Facebook published its second quarter financial results on Wednesday, beating market expectations.
The social media giant posted diluted earnings per share of $1.32 on revenue of $9.32 billion.
Wall Street was looking for earnings of $1.13 per share on revenue of $9.2 billion.
Advertising revenue came to $9.16 billion for Q2, up 47 percent year-over-year.
By comparison, Alphabet announced earlier in the week that Google -- Facebook's main ad competitor -- pulled in $22.7 billion in advertising revenue in Q2, an 18 percent year-over-year increase.
Mobile advertising revenue continues to account for a growing share of Facebook's overall sales. Mobile ad revenue accounted for 87 percent of advertising revenue for the second quarter of 2017, up from about 84 percent of advertising revenue in Q2 2016.
"We had a good second quarter and first half of the year," CEO Mark Zuckerberg said in a statement. "Our community is now two billion people and we're focusing on bringing the world closer together."
Facebook's tally of regular users continues to tick up: Daily active users (DAUs) came to 1.32 billion on average for June 2017, an increase of 17 percent year-over-year. Monthly active users (MAUs) were 2.01 billion as of June 30, 2017, also a 17 percent increase. Facebook announced crossing the 2 billion mark last month.
Zuckerberg said on a conference call Wednesday that more than 250 million people are now using WhatsApp Stories daily, while 250 million are using Instagram Stories daily.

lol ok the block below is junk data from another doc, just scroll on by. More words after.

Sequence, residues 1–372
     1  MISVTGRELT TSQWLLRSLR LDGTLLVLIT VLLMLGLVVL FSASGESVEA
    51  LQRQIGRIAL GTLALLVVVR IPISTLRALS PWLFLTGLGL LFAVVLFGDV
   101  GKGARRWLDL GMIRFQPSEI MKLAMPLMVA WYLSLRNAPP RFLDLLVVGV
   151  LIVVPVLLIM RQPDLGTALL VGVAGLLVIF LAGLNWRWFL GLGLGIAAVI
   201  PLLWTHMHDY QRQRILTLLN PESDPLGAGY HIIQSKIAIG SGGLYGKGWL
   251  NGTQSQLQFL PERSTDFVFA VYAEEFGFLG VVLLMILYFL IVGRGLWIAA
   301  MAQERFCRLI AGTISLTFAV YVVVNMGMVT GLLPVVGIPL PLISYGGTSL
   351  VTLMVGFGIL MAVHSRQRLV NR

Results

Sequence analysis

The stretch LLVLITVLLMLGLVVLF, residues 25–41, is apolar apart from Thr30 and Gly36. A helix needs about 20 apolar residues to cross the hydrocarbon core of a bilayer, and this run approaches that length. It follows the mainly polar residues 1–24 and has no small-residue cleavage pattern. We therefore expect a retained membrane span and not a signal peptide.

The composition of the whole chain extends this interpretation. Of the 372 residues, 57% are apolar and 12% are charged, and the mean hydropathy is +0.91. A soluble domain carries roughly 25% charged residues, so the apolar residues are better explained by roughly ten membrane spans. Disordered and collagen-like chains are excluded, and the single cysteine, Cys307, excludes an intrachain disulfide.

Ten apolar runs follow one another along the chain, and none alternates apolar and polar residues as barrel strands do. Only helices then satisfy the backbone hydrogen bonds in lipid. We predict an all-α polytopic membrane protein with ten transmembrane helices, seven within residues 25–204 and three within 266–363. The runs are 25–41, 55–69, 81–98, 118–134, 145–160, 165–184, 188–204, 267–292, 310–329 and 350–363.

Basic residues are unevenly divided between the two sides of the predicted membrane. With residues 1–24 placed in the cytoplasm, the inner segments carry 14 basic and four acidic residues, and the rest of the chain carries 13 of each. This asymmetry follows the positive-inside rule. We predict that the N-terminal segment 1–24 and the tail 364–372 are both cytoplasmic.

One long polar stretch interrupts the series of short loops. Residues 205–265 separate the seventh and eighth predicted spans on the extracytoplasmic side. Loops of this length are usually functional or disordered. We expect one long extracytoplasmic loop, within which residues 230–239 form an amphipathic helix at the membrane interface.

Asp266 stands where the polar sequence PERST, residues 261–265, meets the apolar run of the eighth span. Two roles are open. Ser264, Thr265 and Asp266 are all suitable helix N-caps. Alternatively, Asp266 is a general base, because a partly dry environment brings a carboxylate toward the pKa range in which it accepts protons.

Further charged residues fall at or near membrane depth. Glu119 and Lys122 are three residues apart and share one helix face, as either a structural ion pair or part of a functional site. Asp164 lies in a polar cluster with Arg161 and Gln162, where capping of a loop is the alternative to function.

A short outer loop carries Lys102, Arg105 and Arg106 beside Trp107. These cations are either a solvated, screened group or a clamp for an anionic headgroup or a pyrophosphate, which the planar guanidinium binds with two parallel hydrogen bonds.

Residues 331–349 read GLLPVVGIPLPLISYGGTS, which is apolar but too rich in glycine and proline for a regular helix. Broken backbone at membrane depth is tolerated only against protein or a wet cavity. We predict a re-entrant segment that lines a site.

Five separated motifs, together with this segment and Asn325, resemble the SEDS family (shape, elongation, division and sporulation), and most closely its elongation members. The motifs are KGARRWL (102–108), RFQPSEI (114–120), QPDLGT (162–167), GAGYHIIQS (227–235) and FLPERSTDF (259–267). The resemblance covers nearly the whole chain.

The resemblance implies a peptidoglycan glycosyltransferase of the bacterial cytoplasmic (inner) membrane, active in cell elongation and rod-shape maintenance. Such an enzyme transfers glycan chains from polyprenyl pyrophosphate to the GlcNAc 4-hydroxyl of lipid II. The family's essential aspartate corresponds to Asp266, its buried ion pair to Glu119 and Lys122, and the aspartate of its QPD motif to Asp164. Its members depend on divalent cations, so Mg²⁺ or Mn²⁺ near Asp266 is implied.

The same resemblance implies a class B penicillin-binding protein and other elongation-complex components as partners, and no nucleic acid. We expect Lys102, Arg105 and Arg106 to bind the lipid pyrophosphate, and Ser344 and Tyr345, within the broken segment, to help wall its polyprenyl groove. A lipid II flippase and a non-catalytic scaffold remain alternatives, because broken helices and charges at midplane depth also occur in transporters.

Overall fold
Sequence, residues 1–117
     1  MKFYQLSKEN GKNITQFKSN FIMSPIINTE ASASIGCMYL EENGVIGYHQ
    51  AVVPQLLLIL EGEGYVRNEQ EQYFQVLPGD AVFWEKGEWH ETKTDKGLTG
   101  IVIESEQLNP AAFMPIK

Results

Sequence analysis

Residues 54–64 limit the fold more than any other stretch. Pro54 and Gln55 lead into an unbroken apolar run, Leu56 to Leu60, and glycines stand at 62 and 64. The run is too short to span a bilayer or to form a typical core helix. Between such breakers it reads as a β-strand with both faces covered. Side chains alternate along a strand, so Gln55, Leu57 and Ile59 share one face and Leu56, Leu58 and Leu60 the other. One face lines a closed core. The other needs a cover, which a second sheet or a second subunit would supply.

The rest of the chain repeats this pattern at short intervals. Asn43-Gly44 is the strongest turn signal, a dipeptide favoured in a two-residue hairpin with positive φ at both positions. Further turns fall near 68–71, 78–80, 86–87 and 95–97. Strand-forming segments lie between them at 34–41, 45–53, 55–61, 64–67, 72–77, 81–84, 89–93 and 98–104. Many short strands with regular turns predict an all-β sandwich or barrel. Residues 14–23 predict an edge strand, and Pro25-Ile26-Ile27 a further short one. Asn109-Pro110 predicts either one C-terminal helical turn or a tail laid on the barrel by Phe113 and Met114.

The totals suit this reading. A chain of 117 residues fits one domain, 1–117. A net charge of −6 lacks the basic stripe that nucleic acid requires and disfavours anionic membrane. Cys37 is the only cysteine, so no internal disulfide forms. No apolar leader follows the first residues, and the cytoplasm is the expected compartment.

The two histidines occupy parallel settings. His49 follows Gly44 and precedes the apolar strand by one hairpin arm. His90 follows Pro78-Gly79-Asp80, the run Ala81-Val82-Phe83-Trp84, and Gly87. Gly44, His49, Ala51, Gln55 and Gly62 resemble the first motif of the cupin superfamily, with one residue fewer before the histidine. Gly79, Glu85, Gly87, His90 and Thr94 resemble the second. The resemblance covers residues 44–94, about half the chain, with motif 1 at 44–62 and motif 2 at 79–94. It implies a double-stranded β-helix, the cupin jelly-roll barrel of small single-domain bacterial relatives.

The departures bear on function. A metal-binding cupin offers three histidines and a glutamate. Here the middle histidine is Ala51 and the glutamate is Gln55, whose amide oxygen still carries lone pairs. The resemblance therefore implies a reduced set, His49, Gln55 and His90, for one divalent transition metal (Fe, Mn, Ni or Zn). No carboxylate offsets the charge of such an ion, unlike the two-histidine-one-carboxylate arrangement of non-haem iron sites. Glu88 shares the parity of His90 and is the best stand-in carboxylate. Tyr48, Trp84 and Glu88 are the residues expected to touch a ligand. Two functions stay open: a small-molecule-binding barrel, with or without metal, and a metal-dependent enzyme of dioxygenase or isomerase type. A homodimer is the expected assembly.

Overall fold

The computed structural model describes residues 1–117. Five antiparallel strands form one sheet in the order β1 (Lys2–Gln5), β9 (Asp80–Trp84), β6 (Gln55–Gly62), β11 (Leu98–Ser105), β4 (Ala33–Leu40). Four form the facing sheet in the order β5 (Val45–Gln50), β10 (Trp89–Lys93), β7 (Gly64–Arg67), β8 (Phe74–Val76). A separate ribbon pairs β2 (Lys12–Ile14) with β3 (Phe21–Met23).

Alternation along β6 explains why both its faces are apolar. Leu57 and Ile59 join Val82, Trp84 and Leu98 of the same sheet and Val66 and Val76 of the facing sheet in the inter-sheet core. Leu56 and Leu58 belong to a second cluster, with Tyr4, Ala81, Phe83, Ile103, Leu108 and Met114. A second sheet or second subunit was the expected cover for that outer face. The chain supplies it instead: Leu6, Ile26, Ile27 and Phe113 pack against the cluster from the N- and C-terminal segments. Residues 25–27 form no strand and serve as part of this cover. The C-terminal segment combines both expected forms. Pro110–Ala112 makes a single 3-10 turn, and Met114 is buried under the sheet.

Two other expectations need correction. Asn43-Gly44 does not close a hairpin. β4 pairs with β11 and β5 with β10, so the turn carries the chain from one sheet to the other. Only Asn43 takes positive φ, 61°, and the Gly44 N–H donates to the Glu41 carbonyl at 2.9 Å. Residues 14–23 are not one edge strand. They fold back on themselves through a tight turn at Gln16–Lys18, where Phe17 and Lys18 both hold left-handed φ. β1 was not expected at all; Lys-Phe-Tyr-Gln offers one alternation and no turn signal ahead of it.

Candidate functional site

Facebook is looking to keep growing its newer revenue streams from platforms like WhatsApp and Instagram. While WhatsApp has 1 billion daily active users, the company is still working to"build a business ecosystem" on the messaging platform, Zuckerberg said. However, it's "still early on the monetization side" for WhatsApp.
Capital expenditures for the Q2 were $1.44 billion. Expenses could grow as Facebook continues to invest in areas like video. "Video will continue to be a big focus and area of investment for us," Zuckerberg said Wednesday.
As part of its efforts to take a "video first" approach on its social network, Facebook last year started investing more in original video content. According to Bloomberg, the company will debut Facebook TV in August, with original content at a quality level somewhere between what's produced by Netflix and YouTube. Facebook will pay for the content, and it will all include ads. Meanwhile, earlier this week Facebook confirmed it's acquired the intellectual property (IP) management firm Source3 to help content creators protect their IP.
Zuckerberg also said to expect "ongoing aggressive investment" in areas like data centers and technologies that contribute to its long-term goals, such as its internet-delivery drone Aquila.